ow Integers Should Work

bcs bcs at example.com
Tue Dec 6 20:11:54 PST 2011

On 12/05/2011 11:20 PM, Don wrote:
> On 06.12.2011 05:21, bcs wrote:
>> On 12/05/2011 08:37 AM, Don wrote:
>>> On 05.12.2011 14:31, bearophile wrote:
>>>> Found through Reddit, two blog posts about how integers should behave
>>>> in system languages (with hardware support):
>>>> http://blog.regehr.org/archives/641
>>>> http://blog.regehr.org/archives/642
>>>> Bye,
>>>> bearophile
>>> Not very convincing, since he proposes a change to existing
>>> architectures, and seems completely unaware of the overflow flag.
>> I think he's looking at it form the language theory standpoint. As such,
>> architectures has nothing to do with it (the architectures to be
>> targeted has yet to be defined at that point)and getting access to the
>> overflow flag would require exposing it natively in the language.
> It's not that he hasn't specified an architecture. It's a proposal which
> does not work on _any_ existing architectures!
> It's pure fantasy.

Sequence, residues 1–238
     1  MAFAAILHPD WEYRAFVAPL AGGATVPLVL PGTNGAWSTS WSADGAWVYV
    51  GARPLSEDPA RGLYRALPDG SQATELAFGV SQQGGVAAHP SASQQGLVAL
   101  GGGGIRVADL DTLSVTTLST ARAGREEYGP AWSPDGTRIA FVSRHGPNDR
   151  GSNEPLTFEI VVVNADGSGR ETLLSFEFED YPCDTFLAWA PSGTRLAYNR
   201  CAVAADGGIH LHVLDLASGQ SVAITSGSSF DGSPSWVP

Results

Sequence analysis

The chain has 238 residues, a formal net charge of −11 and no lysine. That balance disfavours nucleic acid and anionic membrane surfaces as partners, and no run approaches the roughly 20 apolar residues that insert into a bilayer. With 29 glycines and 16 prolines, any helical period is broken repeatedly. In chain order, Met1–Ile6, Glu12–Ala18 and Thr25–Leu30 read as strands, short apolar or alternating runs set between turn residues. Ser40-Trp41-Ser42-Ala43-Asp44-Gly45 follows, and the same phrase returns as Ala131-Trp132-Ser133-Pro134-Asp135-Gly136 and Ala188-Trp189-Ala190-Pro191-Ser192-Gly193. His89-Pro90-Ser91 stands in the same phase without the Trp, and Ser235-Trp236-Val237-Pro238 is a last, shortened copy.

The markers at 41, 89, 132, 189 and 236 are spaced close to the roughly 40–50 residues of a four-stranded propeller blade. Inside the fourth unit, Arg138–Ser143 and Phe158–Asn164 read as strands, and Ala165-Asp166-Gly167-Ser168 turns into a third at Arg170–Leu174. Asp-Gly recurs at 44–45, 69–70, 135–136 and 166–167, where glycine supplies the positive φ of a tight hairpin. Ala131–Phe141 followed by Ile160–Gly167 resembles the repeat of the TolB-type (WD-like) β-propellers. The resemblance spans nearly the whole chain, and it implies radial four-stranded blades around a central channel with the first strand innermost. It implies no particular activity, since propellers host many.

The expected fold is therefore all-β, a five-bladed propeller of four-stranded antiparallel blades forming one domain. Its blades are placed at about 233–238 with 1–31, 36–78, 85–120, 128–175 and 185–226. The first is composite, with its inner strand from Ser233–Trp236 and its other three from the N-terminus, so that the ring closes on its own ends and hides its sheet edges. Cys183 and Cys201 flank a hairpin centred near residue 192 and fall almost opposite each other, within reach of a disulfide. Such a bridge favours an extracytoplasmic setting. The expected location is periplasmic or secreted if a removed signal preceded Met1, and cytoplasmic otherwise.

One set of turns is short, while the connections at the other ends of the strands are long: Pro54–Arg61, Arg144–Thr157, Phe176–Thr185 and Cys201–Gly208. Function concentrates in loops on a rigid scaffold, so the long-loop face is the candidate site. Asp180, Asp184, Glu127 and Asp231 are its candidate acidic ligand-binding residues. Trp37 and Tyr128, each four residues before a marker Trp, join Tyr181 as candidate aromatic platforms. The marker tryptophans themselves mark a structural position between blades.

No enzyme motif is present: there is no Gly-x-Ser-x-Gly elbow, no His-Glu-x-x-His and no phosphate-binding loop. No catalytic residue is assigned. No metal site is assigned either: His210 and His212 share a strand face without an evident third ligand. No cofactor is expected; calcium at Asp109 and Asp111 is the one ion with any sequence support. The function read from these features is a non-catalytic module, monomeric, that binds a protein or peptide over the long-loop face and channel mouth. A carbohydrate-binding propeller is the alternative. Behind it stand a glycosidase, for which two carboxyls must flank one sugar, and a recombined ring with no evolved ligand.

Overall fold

Well you can do it on x86. The fact the it doesn't provied hardware 
traps is irrelevant. You might need to add a lot of branches but you can 
get the semantics he is asking for.

That said, there is another interesting (but independent) question of 
can it be done efficiently? You might have a very good question there, 
but that isn't the question regehr is considering.

> And he talks about NaN, when he means infinity. Floating point overflow
> never results in a NaN.

You have a point there.

> He doesn't seem to know anything about
> saturating integer arithmetic, which exists in hardware (even x86
> machines have supported a couple of operations since 1996).
> Useless.

Again, he's not interested in the hardware implementation, he's only 
interested in the defined semantics of the language, the things you can 
count on regardless of that instruction set you are using. The fact the 
x86 has saturating integer operations is moot because C doesn't have a 
type the end up using them.

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